Great New York State Hot Dogs: Zweigle's Red & Whites

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[Photographs: J. Kenji Lopez-Alt]

As an animal lover who lives a few hours upstate of New York city and regularly sticks her hand into whatever it is large animal vets-in-training stick their hands into up there, my sister seems to have an unhealthy addiction to hot dogs.

It manifests itself in late-night emails and text messages asking me if I've tried Hofman's Snappies from Syracuse ("Snappies" are Hofman's term for Michigan-style Coneys, which are named after, but not related to Coney Island style hot dogs), or those Glaziers used to make Michigans, the chili-topped treats from Plattsburgh, New York, that have nothing to do with either the state they are named after or the state they are served in, and actually bear much more resemblance to Texas Weiners, which, of course, are not from Texas, but from New Jersey.

Hot Dog history is not for the fainthearted.

The upside of all of these emails is that aside from exchanging cooking tips for free veterinary advice, my sister also supplies me with a steady supply of regional hot dog styles, of which New York has got a ton, many not available to me here in the city. The most recent care package was a picnic pack of Zweigle's Red & Whites. This time, she backed a winner.

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Made with a thin natural casing and stuffed to the brim, the dogs inevitably burst as you grill them, no matter how gentle you are with the heat, earning them the nickname of "Popopens." With many sausages, this would be bad news, causing them to spill out fat and juices onto the grill. But with a well-emulsified, properly made hot dog, it's not so much of an issue. In a good natural casing hot dog, the casing is more about adding snap and texture to each bite than keeping in juices.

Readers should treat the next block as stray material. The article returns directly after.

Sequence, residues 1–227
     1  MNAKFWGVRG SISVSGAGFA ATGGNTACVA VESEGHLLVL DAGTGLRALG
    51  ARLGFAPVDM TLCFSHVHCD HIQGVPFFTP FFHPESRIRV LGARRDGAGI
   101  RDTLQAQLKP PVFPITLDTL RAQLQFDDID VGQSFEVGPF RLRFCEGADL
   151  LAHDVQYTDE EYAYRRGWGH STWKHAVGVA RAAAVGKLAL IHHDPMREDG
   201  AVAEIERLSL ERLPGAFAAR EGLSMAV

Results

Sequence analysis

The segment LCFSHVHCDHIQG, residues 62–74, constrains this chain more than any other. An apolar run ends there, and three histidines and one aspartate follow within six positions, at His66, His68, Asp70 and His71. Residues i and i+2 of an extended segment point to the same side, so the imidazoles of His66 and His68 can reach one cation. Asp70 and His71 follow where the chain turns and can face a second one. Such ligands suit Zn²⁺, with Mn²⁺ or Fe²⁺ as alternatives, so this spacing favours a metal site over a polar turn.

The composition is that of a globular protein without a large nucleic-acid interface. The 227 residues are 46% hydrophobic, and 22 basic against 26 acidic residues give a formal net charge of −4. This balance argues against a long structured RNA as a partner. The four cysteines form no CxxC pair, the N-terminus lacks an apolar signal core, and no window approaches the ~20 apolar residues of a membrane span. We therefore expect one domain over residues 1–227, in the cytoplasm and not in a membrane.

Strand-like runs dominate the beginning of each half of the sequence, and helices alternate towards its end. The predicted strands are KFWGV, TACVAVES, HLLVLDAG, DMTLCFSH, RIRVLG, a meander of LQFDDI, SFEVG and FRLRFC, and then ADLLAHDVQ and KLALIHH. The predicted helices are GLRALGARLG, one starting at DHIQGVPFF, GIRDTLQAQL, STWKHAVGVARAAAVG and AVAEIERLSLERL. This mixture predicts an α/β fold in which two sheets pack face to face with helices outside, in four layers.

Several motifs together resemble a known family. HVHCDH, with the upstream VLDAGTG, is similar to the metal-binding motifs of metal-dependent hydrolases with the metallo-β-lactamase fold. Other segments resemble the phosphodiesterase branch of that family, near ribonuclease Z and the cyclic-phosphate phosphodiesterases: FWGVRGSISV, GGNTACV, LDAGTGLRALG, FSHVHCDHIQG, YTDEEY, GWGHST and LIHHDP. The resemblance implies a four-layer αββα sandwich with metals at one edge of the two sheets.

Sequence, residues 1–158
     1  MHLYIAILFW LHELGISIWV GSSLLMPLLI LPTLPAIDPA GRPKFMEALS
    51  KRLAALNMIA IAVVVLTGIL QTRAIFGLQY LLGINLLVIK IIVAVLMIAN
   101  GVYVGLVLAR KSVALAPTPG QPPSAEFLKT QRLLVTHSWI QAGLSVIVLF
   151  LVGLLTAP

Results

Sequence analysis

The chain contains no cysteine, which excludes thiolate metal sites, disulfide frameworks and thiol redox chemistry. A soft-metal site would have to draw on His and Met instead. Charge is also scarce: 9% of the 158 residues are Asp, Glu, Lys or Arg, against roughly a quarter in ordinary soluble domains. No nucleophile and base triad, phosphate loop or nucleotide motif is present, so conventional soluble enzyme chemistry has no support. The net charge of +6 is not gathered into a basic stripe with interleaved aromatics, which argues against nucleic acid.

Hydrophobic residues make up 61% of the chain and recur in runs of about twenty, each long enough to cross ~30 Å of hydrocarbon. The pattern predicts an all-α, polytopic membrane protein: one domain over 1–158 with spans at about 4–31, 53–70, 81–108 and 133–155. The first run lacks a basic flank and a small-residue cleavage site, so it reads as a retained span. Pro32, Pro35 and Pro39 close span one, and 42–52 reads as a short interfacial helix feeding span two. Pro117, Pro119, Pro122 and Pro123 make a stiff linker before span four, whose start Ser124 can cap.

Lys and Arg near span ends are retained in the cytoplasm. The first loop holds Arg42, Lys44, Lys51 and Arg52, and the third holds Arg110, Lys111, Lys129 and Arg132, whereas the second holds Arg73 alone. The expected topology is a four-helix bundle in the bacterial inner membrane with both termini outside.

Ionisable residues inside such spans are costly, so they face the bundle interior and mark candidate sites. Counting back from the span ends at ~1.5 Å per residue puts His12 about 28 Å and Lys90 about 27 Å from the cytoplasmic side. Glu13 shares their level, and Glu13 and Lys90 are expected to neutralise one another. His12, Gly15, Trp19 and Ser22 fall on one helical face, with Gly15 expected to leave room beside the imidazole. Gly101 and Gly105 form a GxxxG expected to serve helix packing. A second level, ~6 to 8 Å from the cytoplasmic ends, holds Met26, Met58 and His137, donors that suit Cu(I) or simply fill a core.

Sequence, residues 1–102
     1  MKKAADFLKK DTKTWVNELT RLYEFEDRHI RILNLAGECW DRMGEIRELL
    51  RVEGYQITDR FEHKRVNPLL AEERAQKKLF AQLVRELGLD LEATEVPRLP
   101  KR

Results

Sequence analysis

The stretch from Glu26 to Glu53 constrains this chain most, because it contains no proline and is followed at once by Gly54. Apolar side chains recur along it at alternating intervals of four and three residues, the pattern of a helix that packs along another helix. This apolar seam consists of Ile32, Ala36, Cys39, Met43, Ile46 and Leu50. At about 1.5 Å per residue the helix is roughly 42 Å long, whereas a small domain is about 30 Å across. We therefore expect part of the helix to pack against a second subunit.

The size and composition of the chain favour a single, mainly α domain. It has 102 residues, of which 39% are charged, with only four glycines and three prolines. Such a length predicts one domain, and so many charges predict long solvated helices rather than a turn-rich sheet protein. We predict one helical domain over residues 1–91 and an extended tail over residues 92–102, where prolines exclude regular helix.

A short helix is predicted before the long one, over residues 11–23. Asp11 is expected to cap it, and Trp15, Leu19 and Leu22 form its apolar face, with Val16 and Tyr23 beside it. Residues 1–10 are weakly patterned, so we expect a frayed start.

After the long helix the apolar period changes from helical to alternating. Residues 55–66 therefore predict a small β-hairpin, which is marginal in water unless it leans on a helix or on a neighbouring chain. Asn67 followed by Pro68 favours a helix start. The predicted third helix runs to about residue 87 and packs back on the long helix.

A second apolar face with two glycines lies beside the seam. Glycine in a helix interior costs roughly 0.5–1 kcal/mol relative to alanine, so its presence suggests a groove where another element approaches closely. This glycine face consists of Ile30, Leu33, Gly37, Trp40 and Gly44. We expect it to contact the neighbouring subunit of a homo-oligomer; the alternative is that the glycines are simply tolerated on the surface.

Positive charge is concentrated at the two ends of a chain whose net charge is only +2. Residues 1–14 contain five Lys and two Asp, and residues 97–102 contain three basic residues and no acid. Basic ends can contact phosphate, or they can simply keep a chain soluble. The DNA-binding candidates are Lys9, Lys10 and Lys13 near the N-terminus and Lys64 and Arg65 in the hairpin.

The dogs are made in Rochester, so aren't a true North Country dog like Glaziers, which may explain why they taste a bit more like the traditional New York Kosher franks I grew up on, though with a much milder spice level and a softer texture. Of the two varieties, I preferred the reds, which have a saltier, slightly spicier aroma. Both are thick, well-textured, and very snappy.

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My sister says she likes the whites, explaining that "there are so many regular hot dogs out there. But there aren't that many white ones (I have only seen three varieties - Hofmann, Hartmann, and Zweigles... and [the Zweigles] are way better than Hofmann."

She may have a point.

What about you? I know you all must have strong opinions on regional hot dogs. Have you tried Zweigle's? Do you have a favorite white dog?

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